I recently attended the WWJ 950 Michigan Money Summit at the Macomb Center for the Performing Arts in Clinton Township. The Summit was made up of an all-star lineup of personal and business finance experts and the discussion topics were both insightful and relevant. At one end of the spectrum there was representation from private wealth management, investing and taxes — for people doing very well. At the other end, there were discussions and resources for individuals who find themselves in overwhelming financial distress — people in trouble. However, there was a glaring hole in the middle of the spectrum — representation for people doing “okay” who want to step up to the next level or not fall into the troubled level.
Within this gap, I see opportunity: If someone were to focus on this middle group with a pro-active, income and expense management solution, they could help a great many people improve their lives. That’s why I started Levanto Financial, a company dedicated to teaching people financial wellness. In the coming months, I’ll be sharing why financial wellness is important to individuals, and to businesses.
In the panel discussions at the Summit, there was unanimous support for the idea that consumers should, in a perfect world, run their households like a good CFO runs a business: paying themselves first (save money for themselves), giving every dollar they earn ‘a name’ (a job), and most importantly, to have a plan — basically a daily, monthly, and annual budget. However, this isn’t a perfect world and most households don’t have time to really study budgeting, historical spending, and cash-flow modeling. Time, or lack thereof, is one of the biggest reasons bad things happen. Expecting households to be run by a good CFO and be successful is like expecting that everyone can prepare their own tax returns; it’s unlikely that people have the time and/or expertise.
Where I’m troubled is the fact that so much time was spent at the Summit addressing financial distress; but my concern wasn’t THAT they addressed this, but instead that they HAD to address it. If I can make a comparison, someone in financial distress is like someone that is morbidly obese: they are 100 lbs. or more overweight, they are having heart, liver, kidney, knee/ankle/hip issues, and are in real trouble. That’s the situation those in financial distress find themselves: $15,000+ in credit card debt, they are late on mortgage, car, and insurance payments. They have no savings, and their credit score is in the low 400s.
In the physical fitness world, we send someone to a doctor who then prescribes a plan. This plan usually involves a trainer, a nutritionist, possibly even a therapist. Americans list their health as their number six biggest worry. Per capita spending on health care in 2008 was $8,300 per household. More than 45 million Americans belong to health clubs, spending some $19 billion per year on memberships. It’s being addressed and some headway is being made.
In the financial world, there really is no guidance in this area. Who do you go to for annual check-ups on your finances? If you are in trouble with your finances, whom do you make an appointment with that can prescribe something?
Let’s look at the gap that I mentioned earlier from the Summit. There are resources for those in the top 10 percent to manage and grow the money they have. There are also resources for those in the bottom 10 percent that are ‘morbidly obese,’ financially speaking. There really isn’t any resource out there for the middle 80 percent, which is very unsettling because Americans listed money as their second biggest worry in the same list that had health as sixth. How much did you spend last year to get your household finances in shape? I bet it was a lot less than $8,300. Better question is, are there resources/companies out there that work in the “80 percent world”? One of the panelists at the Summit mentioned that most families spend more time planning the family vacation than they do planning the family budget…chilling.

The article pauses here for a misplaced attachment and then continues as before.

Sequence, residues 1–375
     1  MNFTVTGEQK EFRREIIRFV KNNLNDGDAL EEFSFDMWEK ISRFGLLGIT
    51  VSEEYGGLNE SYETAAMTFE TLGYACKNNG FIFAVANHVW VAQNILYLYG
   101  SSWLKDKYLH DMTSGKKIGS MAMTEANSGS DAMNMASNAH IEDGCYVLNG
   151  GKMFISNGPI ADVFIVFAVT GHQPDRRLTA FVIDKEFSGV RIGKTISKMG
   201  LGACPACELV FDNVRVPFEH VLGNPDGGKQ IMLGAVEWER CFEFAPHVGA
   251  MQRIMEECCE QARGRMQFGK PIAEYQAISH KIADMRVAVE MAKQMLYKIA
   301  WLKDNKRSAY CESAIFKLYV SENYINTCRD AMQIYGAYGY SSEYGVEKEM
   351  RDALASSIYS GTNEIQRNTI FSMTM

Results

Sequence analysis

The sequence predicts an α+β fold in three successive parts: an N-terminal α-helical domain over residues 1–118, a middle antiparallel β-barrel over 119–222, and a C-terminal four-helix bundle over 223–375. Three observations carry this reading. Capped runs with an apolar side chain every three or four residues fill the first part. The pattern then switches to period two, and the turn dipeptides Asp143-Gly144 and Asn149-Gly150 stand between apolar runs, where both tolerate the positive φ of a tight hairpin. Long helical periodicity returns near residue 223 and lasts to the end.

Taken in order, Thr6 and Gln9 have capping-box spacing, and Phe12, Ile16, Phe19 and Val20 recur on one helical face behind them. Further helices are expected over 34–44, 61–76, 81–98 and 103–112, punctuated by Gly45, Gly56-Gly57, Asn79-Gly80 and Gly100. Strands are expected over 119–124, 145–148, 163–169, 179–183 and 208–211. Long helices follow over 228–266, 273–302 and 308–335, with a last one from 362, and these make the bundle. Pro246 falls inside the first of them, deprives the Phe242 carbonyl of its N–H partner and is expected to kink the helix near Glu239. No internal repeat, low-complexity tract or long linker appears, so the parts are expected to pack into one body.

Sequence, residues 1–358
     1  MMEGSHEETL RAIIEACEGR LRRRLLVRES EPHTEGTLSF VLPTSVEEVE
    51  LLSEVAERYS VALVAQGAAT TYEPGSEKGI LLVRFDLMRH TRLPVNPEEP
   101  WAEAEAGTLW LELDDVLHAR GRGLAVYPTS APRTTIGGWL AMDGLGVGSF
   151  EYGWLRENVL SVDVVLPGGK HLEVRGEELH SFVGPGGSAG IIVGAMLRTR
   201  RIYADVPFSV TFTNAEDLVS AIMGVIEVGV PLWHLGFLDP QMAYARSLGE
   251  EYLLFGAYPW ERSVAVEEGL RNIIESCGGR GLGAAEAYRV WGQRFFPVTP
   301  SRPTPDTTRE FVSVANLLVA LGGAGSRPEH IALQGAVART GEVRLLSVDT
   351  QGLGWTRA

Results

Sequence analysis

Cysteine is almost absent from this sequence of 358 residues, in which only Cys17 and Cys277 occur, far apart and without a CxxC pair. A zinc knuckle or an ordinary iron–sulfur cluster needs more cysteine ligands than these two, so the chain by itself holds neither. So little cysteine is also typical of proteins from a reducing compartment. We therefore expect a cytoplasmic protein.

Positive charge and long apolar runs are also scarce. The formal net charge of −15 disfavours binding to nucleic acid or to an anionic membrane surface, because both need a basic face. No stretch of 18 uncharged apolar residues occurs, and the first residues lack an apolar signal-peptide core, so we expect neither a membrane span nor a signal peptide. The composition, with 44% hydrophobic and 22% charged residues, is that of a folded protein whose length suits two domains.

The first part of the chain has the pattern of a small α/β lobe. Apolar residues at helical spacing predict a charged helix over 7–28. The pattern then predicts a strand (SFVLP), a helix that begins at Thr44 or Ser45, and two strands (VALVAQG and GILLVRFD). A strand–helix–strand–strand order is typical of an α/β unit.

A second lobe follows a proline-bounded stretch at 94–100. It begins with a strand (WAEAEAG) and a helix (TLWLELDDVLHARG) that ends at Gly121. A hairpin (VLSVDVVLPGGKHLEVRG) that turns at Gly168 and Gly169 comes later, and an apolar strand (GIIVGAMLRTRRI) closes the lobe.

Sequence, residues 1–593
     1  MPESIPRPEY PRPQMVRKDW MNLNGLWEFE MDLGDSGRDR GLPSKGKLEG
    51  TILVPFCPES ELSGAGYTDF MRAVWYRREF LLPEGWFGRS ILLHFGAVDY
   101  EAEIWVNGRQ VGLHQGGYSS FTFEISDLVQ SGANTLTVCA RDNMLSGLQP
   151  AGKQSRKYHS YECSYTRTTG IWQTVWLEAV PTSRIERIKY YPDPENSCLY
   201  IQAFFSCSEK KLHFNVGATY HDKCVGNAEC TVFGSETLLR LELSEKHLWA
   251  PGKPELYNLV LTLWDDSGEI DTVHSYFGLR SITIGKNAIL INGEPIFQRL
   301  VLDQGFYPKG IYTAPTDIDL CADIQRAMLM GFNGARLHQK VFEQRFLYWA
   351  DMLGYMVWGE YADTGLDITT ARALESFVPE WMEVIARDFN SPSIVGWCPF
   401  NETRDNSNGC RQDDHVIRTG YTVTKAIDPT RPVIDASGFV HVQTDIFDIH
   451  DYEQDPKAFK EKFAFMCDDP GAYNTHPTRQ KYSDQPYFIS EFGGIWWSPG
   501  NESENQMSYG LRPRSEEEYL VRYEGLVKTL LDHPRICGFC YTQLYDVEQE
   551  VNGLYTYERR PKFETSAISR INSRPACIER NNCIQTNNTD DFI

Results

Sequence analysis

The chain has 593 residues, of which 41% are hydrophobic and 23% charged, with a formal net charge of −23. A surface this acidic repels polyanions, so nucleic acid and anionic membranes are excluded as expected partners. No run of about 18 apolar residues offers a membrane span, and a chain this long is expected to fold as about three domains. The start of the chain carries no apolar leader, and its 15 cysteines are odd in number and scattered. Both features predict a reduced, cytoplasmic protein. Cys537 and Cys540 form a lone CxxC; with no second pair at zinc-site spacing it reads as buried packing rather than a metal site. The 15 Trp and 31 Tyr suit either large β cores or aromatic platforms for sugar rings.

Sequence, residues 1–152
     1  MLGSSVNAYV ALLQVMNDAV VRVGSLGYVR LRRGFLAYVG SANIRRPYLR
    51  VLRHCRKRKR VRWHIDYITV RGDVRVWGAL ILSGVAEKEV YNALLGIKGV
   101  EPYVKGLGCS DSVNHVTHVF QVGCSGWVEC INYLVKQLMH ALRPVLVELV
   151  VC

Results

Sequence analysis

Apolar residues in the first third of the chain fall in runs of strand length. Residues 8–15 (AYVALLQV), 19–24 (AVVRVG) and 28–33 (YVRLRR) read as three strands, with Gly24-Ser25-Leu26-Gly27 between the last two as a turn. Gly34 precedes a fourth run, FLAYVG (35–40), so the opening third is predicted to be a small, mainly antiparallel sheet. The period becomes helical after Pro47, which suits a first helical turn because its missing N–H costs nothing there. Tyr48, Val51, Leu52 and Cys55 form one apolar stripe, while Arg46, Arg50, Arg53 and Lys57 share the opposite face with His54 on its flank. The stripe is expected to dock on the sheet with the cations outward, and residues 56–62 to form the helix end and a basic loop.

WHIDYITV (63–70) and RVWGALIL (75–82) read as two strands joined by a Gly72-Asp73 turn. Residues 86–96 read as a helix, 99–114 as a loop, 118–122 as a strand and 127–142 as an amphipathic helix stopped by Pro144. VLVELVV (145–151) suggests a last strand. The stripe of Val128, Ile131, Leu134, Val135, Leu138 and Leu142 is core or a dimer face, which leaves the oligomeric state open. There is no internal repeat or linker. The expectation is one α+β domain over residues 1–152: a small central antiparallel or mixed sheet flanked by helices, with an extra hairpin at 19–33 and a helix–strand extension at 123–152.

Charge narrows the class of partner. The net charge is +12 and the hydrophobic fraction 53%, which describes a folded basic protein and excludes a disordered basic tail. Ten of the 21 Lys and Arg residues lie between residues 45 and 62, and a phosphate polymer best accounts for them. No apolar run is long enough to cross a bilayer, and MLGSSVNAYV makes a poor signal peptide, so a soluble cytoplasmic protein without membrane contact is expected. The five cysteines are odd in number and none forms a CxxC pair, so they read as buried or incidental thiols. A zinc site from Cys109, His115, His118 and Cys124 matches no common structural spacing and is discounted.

Don’t think there’s a need? In April of 2009, the National Foundation for Credit Counseling revealed that 26 percent of Americans (approximately 58 million adults) admitted to not paying all of their bills on time and that more than 33 percent didn’t know their credit score. Those two facts are directly attributable to those households that work in the “80 percent world”.
Arguably, Michigan is at the epicenter of the country’s financial crisis. The automotive industry was so deeply affected, we, as Michiganders, have been the hardest hit. With household and per-capita income well below national levels, income and expense management (budgeting) is more critical than ever for us. We cannot sustain ourselves on credit and expect long-term success. We need to work with experts who have the tools and the resources to help us manage our income and expenses; who will teach us how to save and how to spend; who will coach us as we implement and sustain our plan. We have two choices: build more financial ‘hospitals’ (credit counseling for foreclosure, bankruptcy, debt), or build and join financial wellness programs. We have to get ourselves financially fit. If we don’t, the harsh reality is we will financially ‘die.’
Paul Cloutier is the CEO and president of Troy-based Levanto Financial. Levanto Financial provides financial wellness coaching, bill pay and low-cost sourcing services to clients who want to eliminate financial stress in their lives. The company’s philosophy is to reach clients when they are still financially healthy and make sure they stay that way. Levanto financial coaches work hands-on with their clients to review spending habits, truly define spending needs and develop the discipline to stay on course. For more information or to schedule an initial consultation appointment, please call 248-283-8775 or visit www.levantofinancial.com.